Joseph Tanner and Heidemarie Stefanyshyn-Piper also "cleared" the P3 forward face so the mobile transporter (MT) can move onto the P3 truss. The keel pin and drag link are located on P3 face 1. Joseph Tanner and Heidemarie Stefanyshyn-Piper removed the drag link and keel pin and stowed them within the P3 structure. Joseph Tanner and Heidemarie Stefanyshyn-Piper removed the P3 space vision system (SVS) target, as well as rotated P1, P3 MT stops and tether shuttle stops. In addition, the crew installed the EVA temporary rail stop (ETRS). The ETRS now performed the functions of the other MT and tether shuttle stop mechanisms while still allowing a Crew and Equipment Translation Aid (CETA) cart to be outboard of the MT/MBS while the MT/MBS is at the P3 work site. The crew also relocated the articulating portable foot restraints (APFR) used during their tasks to the P4 truss where they not interfered with the MT movement.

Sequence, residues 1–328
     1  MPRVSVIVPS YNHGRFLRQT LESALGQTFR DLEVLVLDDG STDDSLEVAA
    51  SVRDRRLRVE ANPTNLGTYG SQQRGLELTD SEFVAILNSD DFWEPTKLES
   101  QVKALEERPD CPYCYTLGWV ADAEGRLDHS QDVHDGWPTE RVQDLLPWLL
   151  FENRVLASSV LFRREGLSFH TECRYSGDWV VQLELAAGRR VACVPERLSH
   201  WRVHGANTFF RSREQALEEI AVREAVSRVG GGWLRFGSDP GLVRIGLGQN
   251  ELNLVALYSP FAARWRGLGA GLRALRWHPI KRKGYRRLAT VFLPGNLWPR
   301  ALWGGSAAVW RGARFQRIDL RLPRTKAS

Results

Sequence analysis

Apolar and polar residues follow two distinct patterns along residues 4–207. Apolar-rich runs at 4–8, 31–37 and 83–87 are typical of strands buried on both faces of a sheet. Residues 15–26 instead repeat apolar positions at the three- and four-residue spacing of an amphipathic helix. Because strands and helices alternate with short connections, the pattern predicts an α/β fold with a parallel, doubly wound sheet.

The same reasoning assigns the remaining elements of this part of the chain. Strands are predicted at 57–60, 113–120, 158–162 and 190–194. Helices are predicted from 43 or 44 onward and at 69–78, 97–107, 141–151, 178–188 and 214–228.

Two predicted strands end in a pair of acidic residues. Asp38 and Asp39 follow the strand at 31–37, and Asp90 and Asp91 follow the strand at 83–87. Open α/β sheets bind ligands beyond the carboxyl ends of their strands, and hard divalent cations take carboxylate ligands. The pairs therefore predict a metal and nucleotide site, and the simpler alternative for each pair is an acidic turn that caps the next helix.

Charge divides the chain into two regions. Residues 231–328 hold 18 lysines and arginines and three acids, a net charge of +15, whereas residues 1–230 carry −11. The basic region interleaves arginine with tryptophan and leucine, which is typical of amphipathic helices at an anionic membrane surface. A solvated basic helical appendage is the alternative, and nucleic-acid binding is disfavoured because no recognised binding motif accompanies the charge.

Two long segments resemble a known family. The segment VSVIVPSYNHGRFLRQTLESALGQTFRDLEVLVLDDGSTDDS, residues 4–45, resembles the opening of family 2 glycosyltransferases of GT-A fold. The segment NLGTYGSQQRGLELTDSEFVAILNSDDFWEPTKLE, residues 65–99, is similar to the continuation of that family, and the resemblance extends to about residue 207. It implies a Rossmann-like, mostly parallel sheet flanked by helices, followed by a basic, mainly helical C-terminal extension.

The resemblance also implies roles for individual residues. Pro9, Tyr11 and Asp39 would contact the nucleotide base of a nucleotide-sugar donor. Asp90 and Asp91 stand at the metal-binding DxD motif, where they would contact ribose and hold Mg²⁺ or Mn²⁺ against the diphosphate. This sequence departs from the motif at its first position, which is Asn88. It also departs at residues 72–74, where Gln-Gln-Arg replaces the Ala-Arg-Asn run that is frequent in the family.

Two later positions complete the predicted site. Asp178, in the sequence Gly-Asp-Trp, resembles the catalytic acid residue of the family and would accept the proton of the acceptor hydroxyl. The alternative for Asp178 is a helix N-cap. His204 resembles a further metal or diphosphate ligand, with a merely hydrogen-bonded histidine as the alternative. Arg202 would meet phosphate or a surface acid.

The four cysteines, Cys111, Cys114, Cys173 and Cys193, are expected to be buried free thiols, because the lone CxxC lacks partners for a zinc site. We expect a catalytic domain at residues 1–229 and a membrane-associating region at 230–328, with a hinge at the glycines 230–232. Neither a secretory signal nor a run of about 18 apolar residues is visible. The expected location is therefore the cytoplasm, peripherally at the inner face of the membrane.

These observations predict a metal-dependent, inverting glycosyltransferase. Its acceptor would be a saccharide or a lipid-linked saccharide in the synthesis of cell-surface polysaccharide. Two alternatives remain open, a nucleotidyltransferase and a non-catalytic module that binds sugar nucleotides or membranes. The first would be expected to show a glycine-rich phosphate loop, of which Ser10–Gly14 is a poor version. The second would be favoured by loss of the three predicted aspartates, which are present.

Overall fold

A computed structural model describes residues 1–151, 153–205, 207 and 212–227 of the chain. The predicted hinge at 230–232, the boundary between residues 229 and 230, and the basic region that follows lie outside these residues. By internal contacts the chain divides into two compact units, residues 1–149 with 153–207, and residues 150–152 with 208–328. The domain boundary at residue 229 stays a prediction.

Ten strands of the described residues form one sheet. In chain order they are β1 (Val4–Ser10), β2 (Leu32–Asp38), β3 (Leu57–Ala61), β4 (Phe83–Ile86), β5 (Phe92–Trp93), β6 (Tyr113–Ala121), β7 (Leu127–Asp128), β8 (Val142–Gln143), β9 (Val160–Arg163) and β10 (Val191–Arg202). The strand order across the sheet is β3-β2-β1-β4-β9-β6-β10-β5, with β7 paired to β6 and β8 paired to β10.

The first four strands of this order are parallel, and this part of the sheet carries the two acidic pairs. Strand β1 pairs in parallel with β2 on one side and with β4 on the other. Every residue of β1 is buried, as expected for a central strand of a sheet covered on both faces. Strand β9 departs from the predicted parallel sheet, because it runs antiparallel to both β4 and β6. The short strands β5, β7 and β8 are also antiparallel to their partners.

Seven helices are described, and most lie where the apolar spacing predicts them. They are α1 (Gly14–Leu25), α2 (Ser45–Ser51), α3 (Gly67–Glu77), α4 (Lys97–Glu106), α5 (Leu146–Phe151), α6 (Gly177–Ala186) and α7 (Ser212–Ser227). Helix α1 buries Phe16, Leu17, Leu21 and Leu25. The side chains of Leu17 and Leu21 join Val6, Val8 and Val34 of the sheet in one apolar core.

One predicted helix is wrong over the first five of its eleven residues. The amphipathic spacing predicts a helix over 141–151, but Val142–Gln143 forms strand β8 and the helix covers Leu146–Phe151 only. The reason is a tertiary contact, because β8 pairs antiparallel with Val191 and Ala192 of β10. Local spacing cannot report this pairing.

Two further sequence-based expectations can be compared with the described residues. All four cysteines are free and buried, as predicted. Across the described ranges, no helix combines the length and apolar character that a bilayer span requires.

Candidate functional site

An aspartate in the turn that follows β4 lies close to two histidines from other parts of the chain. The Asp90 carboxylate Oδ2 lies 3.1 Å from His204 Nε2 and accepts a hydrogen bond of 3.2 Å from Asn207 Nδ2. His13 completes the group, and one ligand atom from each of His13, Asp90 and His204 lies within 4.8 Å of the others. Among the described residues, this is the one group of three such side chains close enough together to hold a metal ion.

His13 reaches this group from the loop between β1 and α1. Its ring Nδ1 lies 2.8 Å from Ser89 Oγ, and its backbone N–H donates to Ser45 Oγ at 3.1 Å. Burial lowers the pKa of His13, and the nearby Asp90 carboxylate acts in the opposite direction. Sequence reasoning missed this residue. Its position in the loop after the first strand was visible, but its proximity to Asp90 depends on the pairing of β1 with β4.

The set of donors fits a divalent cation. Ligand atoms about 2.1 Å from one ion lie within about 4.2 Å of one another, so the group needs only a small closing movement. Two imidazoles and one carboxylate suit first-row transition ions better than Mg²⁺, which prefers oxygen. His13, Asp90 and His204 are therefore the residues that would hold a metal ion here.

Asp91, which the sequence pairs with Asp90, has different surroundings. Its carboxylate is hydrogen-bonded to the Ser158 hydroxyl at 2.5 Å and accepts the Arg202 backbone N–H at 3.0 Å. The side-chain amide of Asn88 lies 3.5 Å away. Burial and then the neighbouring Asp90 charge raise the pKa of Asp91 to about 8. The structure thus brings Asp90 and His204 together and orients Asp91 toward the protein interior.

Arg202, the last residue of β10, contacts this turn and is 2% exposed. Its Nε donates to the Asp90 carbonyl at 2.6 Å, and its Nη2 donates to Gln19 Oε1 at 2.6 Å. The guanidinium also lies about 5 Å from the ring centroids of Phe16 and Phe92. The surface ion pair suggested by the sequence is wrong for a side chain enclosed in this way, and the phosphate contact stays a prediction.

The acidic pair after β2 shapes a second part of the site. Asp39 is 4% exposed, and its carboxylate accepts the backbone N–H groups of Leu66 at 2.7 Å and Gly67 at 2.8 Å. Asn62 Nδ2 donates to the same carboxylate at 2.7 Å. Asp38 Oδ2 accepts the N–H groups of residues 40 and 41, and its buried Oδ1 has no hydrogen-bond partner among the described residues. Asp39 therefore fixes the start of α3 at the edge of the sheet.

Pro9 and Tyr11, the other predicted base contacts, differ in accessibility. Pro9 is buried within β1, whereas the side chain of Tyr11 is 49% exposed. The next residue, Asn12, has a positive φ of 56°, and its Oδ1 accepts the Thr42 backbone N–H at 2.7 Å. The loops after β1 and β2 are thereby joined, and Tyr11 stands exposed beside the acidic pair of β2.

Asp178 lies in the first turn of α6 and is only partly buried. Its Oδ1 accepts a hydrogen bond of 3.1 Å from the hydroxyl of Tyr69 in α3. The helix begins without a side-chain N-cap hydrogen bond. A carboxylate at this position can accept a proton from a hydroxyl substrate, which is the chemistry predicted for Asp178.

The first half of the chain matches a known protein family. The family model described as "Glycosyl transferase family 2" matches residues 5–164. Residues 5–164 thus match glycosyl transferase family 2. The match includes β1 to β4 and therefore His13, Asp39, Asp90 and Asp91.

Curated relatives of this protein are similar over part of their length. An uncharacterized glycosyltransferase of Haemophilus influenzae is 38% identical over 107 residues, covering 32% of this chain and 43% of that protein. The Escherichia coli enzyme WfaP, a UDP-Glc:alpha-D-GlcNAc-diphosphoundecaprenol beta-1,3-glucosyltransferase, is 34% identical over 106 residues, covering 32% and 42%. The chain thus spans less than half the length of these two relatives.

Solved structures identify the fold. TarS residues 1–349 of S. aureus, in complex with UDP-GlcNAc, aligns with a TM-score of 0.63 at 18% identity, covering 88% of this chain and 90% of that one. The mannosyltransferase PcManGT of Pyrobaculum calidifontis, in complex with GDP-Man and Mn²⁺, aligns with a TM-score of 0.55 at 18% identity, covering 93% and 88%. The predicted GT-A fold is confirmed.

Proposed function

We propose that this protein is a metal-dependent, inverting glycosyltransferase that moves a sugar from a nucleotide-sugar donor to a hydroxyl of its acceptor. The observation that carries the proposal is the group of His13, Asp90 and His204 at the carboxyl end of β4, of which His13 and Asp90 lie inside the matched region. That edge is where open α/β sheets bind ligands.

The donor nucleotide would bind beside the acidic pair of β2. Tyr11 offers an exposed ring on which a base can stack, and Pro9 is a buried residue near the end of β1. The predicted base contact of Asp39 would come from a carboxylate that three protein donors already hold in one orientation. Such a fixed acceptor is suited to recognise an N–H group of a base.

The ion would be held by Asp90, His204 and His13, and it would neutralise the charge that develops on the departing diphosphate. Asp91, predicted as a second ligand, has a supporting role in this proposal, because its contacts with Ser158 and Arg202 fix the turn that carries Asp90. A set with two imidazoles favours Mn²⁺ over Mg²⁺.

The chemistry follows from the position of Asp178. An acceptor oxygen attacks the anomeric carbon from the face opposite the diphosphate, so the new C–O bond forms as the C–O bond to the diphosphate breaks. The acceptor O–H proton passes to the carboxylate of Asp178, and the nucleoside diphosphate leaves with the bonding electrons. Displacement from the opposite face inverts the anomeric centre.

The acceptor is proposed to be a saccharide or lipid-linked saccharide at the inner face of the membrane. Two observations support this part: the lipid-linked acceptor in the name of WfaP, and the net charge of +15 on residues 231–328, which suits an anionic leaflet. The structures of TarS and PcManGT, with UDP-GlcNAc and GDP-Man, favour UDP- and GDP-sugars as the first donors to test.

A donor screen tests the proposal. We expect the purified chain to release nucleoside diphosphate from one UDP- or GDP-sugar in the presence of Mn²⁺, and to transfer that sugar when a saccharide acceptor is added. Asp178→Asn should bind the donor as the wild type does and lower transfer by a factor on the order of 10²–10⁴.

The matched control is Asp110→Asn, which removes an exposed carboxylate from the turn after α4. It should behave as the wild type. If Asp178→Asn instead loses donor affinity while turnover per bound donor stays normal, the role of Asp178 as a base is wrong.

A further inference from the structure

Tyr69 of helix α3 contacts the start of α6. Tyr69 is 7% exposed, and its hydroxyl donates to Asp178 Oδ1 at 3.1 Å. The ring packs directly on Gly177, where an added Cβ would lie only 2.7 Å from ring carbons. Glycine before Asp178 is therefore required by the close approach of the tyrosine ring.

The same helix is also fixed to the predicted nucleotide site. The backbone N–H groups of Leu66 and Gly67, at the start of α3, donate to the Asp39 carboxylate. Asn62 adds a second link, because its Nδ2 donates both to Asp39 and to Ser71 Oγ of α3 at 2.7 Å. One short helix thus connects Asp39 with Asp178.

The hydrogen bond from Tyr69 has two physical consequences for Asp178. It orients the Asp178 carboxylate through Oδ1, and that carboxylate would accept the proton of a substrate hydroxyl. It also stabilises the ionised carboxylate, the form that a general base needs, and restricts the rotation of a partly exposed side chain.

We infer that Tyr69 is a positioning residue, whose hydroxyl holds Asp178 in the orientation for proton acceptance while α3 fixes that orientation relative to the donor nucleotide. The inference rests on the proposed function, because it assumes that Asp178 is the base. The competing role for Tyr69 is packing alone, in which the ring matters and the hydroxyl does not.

After completing their P3 and P4 tasks, Joseph Tanner and Heidemarie Stefanyshyn-Piper moved back to the Z1 truss via the airlock. The EVA crew started working on the removal and replacement of the SASA on S1 with a spare unit that is located on the Z1 truss. The task required several handoffs between the crew to move the spare SASA up to the S1 truss. The crew also needed to temporarily stow the failed SASA while the spare SASA is installed. The crew reversed their path and used the same technique to move the failed SASA back to the Z1 truss. The failed SASA were returned to Earth on a later mission.
Heidemarie Stefanyshyn-Piper retrieved upgraded S-band BSP and transponders from the airlock. The new Orbital Replacement Units (ORUs) were carried to the work site in a large ORU transfer bag. Heidemarie Stefanyshyn-Piper temporarily stowed the bag on the S1 truss while she changed out the S-band transponder and base-band signal processor (BSP). She returned to the airlock with the older version BSP and transponder.
While Heidemarie Stefanyshyn-Piper was busy on the S1 truss, Joseph Tanner installed a heat shield on the Ku-band antenna group interface tube (AGIT). This will help prevent over heating in this area during certain ISS attitudes. Joseph Tanner then returned to the P6 truss to remove MISSE 5 from the P6 truss for return to Earth.